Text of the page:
Iv Branching fraction measurement
In this Section we describe details of the branching fraction measurement. These involve the maximum likelihood fit to extract the number of signal events, the efficiency estimation, and the systematic uncertainties. We conclude this Section with the result for the ratio of branching fractions between and decays.
iv.1 Fit description
We use an unbinned extended maximum likelihood fit of the invariant mass to extract the number of decays in our samples. In order to avoid the need for modeling most of the physics background, we restrict the fit to the mass range from 5.26 to 5.5 . The likelihood is
where is the invariant mass of the -th candidate and is the total number of candidates in the sample. The fit components are denoted by the subscripts for signal, for combinatorial background, for physics background, and for background. The yields of the components are given by , , , and , and their probability density functions (PDFs) by , respectively. The physics background yield is parametrized relative to the signal yield via the ratio to allow constraining it by other measurements in the fit.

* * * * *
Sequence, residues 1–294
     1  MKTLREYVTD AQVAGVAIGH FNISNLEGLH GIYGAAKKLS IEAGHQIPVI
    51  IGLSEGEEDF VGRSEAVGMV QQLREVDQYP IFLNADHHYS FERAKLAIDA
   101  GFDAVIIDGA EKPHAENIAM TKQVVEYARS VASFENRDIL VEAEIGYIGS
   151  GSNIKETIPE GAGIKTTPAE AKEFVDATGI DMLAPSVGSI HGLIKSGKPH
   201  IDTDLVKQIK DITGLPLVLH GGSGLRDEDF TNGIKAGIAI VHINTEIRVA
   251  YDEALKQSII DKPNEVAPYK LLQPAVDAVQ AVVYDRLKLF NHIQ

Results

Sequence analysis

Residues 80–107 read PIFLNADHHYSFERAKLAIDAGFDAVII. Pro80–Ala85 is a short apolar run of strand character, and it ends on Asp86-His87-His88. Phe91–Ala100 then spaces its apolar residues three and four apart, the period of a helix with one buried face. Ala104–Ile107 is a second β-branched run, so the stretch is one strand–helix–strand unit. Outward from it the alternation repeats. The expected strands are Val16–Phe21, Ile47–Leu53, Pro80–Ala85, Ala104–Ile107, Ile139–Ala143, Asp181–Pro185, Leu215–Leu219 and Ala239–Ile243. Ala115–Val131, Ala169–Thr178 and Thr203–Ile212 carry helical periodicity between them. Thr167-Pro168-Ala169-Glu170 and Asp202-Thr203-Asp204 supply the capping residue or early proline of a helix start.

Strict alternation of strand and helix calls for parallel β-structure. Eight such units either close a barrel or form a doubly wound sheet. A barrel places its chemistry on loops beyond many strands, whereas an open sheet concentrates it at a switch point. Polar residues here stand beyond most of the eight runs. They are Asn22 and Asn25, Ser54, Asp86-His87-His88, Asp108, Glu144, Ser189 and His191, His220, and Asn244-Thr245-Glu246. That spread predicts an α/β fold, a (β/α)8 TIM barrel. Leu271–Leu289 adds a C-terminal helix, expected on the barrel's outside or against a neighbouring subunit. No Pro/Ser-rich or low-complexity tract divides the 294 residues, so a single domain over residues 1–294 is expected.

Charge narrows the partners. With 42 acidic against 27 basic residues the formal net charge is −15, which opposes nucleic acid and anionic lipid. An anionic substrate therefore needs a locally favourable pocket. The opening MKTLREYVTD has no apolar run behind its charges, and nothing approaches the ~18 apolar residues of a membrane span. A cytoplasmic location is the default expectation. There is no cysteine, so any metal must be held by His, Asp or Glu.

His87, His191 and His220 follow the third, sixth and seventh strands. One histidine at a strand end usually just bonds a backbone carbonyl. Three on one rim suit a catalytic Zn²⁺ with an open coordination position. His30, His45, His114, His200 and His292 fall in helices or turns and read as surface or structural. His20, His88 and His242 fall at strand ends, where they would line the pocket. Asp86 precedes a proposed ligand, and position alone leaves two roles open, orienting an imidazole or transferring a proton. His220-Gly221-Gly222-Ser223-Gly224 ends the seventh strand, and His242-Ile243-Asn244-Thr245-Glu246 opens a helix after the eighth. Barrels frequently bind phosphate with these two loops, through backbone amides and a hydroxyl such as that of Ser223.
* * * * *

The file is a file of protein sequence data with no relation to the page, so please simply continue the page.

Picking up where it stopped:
The signal PDF is parametrized by a sum of two Gaussian functions with a common mean. The relative size of the two Gaussians and their widths are determined from simulated events. Approximately 82% of the decays are contained in a narrower Gaussian with width of 9.4 . The broader Gaussian has width of 18.4 . In the case of , the narrow Gaussian with a width of 7.2 accounts for 79% of the signal, with the rest of the events having a width of 13.3 . To take into account possible differences between simulation and data, we multiply all widths by a scaling parameter . Because of kinematic differences between and we use independent scale factors for both modes. In the fits all parameters of the PDF are fixed except for the scaling parameter . In addition the mean of the Gaussians is allowed to float in the fit. Doing so we obtain a value that is consistent with the world average mass Nakamura:2010zzi (). For the fit we fix the position of the signal to the value determined in the fit to the candidates.